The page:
Thursday, May 18, 2017

Does the pitch count double for a switch pitcher?

Question:

Do you know if there are USSSA rules allowing a pitcher to throw a certain amount of innings with one arm, and start over the inning count with the other in a different game possibly? Or has that been looked into by the larger youth baseball organizations?

A: Typically, the pitch limit is per pitcher, not each arm. So, a Little League ambidextrous pitcher has the same pitch count as any other pitcher (the count does not double). This is true for most leagues that I have researched.

Advice: Stick with the standard pitch count in youth leagues. This is the safe approach.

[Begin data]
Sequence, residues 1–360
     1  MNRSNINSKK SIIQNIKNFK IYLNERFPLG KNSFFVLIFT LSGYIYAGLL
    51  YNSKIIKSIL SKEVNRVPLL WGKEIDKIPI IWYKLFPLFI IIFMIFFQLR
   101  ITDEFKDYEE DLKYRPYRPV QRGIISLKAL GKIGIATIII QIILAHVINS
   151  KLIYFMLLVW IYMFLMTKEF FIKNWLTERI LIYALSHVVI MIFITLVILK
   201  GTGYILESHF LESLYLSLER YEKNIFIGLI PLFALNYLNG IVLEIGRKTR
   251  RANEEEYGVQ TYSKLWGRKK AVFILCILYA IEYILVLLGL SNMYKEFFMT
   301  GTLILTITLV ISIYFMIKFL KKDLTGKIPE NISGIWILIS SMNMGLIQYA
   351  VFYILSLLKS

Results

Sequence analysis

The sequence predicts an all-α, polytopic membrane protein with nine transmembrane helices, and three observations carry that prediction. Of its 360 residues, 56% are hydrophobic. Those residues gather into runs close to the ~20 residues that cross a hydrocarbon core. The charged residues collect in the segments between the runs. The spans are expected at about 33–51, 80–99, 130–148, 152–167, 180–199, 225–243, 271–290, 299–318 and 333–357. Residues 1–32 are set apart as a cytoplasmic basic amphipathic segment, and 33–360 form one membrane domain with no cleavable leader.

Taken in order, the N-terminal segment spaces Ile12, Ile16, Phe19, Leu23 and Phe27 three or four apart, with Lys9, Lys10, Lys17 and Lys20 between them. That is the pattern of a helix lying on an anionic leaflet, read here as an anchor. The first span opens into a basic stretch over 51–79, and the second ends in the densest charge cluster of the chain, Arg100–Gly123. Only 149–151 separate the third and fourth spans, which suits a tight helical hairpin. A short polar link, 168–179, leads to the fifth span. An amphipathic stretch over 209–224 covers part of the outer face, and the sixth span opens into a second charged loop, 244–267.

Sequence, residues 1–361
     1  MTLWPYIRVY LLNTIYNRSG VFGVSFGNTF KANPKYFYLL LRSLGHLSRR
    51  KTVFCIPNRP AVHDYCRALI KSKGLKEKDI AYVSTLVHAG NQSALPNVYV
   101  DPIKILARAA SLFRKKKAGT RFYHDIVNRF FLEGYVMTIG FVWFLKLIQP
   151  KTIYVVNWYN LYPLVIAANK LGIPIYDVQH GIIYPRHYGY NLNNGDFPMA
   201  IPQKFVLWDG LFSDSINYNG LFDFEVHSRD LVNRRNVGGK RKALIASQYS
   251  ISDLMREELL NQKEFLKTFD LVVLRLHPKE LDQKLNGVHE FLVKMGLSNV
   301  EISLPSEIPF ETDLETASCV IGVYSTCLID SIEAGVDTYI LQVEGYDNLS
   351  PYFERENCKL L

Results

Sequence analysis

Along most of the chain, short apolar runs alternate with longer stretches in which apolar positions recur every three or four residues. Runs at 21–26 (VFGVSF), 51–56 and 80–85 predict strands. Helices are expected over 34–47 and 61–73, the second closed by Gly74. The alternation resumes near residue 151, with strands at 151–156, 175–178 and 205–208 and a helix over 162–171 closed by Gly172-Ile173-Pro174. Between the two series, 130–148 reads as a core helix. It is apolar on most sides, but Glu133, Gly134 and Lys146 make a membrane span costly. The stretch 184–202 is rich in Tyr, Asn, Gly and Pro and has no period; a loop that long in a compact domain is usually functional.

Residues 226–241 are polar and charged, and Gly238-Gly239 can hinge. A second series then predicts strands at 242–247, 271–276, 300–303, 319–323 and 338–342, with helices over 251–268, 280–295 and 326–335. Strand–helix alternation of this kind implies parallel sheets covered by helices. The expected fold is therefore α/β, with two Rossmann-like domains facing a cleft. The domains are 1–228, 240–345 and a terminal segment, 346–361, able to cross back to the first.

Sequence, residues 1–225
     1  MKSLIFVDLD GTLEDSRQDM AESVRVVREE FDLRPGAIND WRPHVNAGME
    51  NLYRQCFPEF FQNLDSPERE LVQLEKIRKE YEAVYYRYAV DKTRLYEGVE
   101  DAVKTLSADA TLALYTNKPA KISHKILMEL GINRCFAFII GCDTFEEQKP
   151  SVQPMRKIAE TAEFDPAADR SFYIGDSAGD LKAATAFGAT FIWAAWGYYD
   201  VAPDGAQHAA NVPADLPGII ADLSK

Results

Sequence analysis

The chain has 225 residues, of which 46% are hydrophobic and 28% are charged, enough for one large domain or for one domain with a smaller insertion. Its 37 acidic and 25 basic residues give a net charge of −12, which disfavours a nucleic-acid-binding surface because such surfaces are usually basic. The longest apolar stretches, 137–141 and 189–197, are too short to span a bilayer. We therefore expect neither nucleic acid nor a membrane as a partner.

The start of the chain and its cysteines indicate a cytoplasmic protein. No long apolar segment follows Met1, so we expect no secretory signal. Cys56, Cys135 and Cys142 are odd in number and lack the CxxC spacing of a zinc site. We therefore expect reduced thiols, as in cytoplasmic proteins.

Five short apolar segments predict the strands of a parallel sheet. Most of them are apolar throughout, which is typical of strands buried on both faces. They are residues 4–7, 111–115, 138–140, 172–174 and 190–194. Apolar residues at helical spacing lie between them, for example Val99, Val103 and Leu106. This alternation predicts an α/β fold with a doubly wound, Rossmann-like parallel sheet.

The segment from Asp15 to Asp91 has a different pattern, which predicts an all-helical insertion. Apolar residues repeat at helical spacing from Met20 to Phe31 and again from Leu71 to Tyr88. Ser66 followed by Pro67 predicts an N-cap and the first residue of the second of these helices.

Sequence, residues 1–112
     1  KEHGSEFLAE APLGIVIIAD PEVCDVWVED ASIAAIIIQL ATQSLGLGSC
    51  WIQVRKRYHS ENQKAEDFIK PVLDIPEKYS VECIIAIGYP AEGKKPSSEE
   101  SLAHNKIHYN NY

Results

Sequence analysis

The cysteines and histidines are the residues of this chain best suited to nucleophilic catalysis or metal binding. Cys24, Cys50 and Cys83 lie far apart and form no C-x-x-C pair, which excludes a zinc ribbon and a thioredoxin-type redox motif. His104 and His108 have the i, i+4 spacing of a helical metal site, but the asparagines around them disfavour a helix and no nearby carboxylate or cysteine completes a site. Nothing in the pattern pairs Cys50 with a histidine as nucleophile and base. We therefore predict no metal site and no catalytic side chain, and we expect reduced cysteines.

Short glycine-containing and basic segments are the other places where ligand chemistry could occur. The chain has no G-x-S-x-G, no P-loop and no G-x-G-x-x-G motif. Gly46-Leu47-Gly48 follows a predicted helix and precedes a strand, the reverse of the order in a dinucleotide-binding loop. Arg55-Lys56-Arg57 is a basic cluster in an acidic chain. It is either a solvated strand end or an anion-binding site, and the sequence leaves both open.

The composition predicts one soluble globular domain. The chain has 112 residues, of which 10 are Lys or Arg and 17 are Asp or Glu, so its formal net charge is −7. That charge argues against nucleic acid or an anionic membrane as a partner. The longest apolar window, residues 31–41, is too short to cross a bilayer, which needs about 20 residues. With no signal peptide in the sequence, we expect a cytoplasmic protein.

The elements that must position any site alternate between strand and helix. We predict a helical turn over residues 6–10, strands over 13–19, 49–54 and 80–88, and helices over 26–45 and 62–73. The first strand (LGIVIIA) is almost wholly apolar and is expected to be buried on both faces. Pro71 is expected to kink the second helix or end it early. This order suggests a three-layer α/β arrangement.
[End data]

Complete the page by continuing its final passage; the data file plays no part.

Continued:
Comment: I like to see a few kids pitch in games, rather than one pitcher. Kids enjoy a chance to pitch in a game, even for one or two innings.

As a coach, it was a better strategy to rotate pitchers and keep the arms fresh. It also kept the hitters off balance when they had to adjust to a new pitcher. Once hitters see a pitcher a second or third time in a game, then hitting becomes easier.

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